Anatomy Spotlight: Sacroiliac joint

Sacroiliac_Joint

The Sacroiliac joint, or SI joint, is the joint in the posterior pelvis where the sacrum meets the ilium of the pelvis. Many people refer to this area when they say they have “lower back” pain. Look in the mirror and you may have dimples or divets there. When this joint is dysfunctional, it is extremely painful, creating a pinching sensation and an inability to fold your body forward.

Why is this joint important? The sacrum is the flat base of your spine, just above the coccyx and just below the lumbar vertebrae. The sacrum is the shock absorber for our spine – it’s meant to move so the shock of walking or other impact activities doesn’t load into the lumbar and thoracic spine. When there is uneven pulling on one side of the pelvis or another, the sacrum moves and shifts at an angle or tilts into another plane of movement. When this happens, the sacrum is unable to glide and absorb the shock of our movement, and the glute tissue surrounding the joints tighten and develop trigger points causing further pain and dysfunction.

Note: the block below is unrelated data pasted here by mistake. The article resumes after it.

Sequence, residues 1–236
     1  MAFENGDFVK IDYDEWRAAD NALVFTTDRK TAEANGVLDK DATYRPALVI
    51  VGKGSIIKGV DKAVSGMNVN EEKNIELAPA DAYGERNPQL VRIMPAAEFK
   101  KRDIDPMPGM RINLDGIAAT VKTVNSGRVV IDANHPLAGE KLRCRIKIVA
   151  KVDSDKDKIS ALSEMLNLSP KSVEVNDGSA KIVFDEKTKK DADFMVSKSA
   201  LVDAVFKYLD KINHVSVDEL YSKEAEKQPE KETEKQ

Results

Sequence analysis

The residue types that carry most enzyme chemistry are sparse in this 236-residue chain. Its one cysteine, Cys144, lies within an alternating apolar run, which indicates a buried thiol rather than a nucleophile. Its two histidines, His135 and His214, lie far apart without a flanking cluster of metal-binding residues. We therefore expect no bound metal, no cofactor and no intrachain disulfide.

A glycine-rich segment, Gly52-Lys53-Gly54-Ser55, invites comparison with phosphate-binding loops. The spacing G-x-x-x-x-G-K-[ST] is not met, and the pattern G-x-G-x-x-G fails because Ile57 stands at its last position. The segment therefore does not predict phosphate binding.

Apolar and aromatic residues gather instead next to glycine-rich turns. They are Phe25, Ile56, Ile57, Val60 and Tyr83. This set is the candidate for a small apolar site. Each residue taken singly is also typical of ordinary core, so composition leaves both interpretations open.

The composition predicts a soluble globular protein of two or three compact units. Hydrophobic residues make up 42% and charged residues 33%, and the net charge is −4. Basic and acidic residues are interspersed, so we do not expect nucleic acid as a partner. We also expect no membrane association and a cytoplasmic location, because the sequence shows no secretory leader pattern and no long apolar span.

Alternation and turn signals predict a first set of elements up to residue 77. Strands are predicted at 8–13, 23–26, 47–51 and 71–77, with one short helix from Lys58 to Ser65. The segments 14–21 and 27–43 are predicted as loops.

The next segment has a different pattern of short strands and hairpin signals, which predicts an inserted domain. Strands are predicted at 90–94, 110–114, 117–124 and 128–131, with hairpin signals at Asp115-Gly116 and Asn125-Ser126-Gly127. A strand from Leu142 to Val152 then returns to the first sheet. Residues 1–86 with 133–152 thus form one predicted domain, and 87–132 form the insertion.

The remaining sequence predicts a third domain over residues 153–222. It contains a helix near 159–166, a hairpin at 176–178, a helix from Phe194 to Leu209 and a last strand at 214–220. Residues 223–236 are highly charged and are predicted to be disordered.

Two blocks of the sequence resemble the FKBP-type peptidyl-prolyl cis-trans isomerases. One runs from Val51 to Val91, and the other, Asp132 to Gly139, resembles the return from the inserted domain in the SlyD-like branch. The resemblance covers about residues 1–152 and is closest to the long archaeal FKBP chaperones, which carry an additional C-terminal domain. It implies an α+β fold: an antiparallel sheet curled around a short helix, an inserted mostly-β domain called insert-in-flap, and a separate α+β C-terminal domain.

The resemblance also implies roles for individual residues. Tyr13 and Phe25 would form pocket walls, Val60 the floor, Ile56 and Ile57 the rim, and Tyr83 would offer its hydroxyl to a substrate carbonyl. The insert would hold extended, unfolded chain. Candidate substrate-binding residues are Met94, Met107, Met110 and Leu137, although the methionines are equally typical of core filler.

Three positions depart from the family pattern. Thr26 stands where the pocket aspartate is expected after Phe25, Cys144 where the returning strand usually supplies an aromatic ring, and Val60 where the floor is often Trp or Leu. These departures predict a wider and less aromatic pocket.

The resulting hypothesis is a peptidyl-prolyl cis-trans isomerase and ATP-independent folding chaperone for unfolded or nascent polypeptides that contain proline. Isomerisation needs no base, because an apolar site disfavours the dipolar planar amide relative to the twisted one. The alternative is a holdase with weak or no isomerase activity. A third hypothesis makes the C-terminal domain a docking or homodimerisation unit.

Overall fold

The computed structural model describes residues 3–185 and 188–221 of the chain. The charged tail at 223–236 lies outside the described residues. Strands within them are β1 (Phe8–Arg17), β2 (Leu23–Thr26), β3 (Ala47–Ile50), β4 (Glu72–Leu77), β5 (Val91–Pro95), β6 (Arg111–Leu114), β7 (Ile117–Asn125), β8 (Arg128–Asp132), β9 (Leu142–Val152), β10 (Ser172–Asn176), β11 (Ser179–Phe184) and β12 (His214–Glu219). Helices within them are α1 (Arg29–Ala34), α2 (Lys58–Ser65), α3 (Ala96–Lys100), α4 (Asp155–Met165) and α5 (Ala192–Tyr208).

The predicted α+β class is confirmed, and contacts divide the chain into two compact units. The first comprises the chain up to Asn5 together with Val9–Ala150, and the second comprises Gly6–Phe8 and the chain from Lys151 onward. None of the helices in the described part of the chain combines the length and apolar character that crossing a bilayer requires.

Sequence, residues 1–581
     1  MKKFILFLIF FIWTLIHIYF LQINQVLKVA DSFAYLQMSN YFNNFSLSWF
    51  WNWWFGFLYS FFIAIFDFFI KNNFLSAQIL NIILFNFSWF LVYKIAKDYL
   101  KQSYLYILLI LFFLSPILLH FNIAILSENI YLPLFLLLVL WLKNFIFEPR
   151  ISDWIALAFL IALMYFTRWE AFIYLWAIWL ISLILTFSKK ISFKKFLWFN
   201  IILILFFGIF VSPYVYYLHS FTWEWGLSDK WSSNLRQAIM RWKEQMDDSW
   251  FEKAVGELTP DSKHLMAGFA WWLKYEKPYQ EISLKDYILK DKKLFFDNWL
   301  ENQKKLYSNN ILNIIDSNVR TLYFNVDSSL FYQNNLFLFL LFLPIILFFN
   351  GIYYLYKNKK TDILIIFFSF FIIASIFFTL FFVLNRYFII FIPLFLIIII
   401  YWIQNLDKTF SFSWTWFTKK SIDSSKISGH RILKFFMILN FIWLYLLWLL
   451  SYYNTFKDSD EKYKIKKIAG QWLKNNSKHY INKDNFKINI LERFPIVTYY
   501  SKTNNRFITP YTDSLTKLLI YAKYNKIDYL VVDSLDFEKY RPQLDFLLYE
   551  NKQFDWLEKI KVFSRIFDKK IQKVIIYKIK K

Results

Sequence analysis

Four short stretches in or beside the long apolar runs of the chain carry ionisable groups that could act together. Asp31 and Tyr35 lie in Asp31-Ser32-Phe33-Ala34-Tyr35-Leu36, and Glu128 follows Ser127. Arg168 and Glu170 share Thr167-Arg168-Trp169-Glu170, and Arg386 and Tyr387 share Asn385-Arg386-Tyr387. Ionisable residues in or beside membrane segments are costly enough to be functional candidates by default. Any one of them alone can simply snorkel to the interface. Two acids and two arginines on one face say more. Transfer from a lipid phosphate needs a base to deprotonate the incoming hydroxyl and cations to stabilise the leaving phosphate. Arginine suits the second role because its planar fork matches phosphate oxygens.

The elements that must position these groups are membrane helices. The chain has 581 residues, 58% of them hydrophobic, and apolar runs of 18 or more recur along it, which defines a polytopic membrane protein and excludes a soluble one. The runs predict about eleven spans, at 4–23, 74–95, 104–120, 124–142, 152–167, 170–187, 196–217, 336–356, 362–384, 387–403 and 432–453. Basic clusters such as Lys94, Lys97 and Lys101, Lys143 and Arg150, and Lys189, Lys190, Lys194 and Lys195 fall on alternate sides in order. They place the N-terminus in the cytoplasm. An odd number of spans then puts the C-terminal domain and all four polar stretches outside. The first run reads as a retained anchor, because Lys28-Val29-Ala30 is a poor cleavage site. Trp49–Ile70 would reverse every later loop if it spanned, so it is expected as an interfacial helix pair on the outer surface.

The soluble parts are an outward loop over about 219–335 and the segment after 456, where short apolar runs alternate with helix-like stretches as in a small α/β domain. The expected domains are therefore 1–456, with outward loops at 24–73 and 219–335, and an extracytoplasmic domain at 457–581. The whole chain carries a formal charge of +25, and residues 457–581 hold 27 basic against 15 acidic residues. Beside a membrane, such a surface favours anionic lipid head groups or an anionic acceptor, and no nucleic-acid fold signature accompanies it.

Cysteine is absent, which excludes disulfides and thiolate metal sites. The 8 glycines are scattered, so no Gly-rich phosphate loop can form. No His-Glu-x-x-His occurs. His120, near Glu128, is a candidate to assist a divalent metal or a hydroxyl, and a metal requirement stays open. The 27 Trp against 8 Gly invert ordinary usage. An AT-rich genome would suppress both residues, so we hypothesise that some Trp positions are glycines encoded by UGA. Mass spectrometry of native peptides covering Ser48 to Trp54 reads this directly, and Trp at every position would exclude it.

Neuromuscular Therapy can help to release the trigger points in the glute medius and maximus, piriformis and other hip rotators, and erector spinae that aid in SI joint dysfunction. Stretches and PT-based exercises can help to re-balance the pelvis and support correct movement of the joint.

One thought on “Anatomy Spotlight: Sacroiliac joint

  1. I can certainly confirm that SI joint dysfunction is a serious pain in the ***, but that both myofascial release and neuromuscular therapy at NMT Studio have helped me greatly with this issue.

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